Took a while for you and I to get there. See what I mean? Timothy and I connected immediately, we were talking shop. When I was working with customers as my job, and still get time to spend with customers, but not nearly what I used to, and I’d consult with them. We just started talking about, well, how do you handle this process? And what do you tell customers about this? And it’s just so great to have people like Timothy in our builder community. He’s an amazing, amazing human and owner of an accounting consulting business in construction where it’s a rare thing. There’s not all that many of them. So, I’ll stop gushing. It’s going to be hard. You’re going to know the chemistry right away. Let’s get him in here.

Hey, Timothy, welcome to “The Building Code.” It’s great to see you again. Charley’s picking up a theme in the most recent episodes that we know each other. There’s something there. As you know, I think you’re a fan of “The Building Code,” but it’s your first time on. So, welcome.

Timothy Wingate:

Thank you.

Zach Wojtowicz:

It’s great to have you.

Timothy Wingate:

Thank you.

Zach Wojtowicz:

How are you?

Timothy Wingate:

I’m doing well, brother. It’s good to be on a show that I’ve been a listener to for probably at least the last three years, so it’s just good to be on here and had a chance to meet you in person at the Coalition, so I’m excited. Just excited about what we’re going to talk about and just ready to get into it.

Zach Wojtowicz:

Well, before we go too far, we always like to give you an opportunity to talk about, we brought you on “The Building Code,” we talked a little bit about you in the intro, but give us your side. What do you do? What’s your play here with us bringing you on?

Timothy Wingate:

Yeah, so I always start off first, as you know from my presentation, first, I’m a husband to my wife of 13 years, and I’m also the father to three lovely boys. They’re 11, 6 and 5. No, I’m sorry, 7 and 5.

Zach Wojtowicz:

There you go. Your wife’s going to love that one. Come on. You can’t even get the kids’ age?

Timothy Wingate:

Exactly.

Zach Wojtowicz:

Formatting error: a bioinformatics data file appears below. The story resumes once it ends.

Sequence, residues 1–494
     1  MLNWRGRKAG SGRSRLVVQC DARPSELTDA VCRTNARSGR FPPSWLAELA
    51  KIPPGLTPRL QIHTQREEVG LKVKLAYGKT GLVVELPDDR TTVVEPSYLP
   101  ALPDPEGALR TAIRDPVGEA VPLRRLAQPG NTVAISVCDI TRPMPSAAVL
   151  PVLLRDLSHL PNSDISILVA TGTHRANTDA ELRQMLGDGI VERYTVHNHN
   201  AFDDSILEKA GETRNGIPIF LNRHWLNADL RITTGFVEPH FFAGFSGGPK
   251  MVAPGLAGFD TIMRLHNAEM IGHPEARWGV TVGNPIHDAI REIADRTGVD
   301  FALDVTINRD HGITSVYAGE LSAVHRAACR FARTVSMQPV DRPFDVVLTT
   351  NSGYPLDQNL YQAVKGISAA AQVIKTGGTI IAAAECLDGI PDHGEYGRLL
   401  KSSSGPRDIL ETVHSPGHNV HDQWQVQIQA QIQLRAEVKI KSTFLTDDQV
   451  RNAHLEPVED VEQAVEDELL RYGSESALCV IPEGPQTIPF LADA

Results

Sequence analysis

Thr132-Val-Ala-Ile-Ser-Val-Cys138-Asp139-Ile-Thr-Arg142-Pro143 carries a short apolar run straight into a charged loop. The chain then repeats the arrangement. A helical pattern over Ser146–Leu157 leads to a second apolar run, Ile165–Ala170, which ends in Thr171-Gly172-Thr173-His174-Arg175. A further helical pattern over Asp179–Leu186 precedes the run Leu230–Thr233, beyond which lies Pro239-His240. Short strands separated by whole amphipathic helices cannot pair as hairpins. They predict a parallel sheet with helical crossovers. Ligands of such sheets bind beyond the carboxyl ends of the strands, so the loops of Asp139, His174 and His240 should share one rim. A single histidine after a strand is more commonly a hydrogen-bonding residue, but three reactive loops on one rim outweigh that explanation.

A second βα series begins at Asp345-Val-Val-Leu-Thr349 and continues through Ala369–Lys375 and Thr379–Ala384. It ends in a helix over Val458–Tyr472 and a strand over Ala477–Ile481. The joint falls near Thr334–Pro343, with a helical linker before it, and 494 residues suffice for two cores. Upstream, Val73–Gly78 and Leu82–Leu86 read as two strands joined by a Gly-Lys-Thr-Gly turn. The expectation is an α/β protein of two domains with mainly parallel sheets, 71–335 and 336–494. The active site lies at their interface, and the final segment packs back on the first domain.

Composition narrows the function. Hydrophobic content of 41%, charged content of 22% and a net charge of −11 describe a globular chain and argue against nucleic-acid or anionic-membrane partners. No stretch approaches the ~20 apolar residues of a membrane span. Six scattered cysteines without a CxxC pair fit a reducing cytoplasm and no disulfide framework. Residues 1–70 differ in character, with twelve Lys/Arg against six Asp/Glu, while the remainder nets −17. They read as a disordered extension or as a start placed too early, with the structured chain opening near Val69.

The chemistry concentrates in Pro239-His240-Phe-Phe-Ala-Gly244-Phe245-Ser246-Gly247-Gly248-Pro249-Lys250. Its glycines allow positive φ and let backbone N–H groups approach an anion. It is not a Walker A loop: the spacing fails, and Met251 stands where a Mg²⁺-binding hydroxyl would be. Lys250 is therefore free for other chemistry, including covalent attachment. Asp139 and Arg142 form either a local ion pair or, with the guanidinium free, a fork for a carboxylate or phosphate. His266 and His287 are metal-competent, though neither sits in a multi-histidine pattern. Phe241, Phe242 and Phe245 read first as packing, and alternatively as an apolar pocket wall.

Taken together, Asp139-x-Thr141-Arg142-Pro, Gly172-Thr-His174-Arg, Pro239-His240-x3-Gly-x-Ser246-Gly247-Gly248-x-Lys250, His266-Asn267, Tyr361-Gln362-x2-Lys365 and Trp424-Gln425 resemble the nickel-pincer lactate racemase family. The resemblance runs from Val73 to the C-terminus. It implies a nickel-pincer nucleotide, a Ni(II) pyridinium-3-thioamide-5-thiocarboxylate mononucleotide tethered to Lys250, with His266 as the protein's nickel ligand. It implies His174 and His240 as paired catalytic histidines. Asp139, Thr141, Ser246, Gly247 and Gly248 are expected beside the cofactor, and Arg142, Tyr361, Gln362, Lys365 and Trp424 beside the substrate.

We were just talking about before, how fast time goes. I get it.

Timothy Wingate:

Oh, man. Too fast, too fast. So, that’s my motivation. That’s why I get up every morning and do what I do is for my family, for sure. Had my own accounting firm for seven years now. Started back in May 1st, 2016. Yep, I got that date right. And before that, prior to that, I was CFO/CEO of a nonprofit organization, ran that for about six years. And so, just really grew up in the construction industry because my dad is a builder, and he’s a general contractor, so he’s still building today. And so, we just really wanted to niche down to something and what better than construction? Since I knew it, I grew up in it.

Zach Wojtowicz:

I love it. Yeah, we got to connect on that down in the Arizona contractor summit. Let’s start there. I’m really interested in that influence of your dad and your career path. Did you love being on the job site or is it something you found later you just tried to get away from the family biz, and it just called you back? How did you continue in that construction vertical?

Timothy Wingate:

I tell you that I would like to paint the perfect picture and say, “Yeah, it was all roses and petals, and I just wanted to be in the construction industry all my life,” but that’s not true. Just like any dad, when we were kids, we didn’t have a choice. In the summer, you’re working in the sun in Florida humidity …

Zach Wojtowicz:

In Florida. You’re like, “You know what? I’m going to be an accountant. I can’t do this.”

Timothy Wingate:

Oh, man, don’t make me laugh too hard on here. But I found out quickly that I needed to be in the AC and so, I needed to do something that could keep my job in the AC, and I respected what dad did. He built a lot of great buildings, houses, taught me a lot in the field, but I wanted to actually stay away from construction. So, that’s why I didn’t even start the business niching down to construction, when I first started it.

Charley Burtwistle:

So, I think that’s what I’m interested in is the construction vertical that you’re talking about, is what’s the key differences between construction accountant as opposed to a traditional accountant, and what is the specialization that comes with being in the construction vertical?

Timothy Wingate: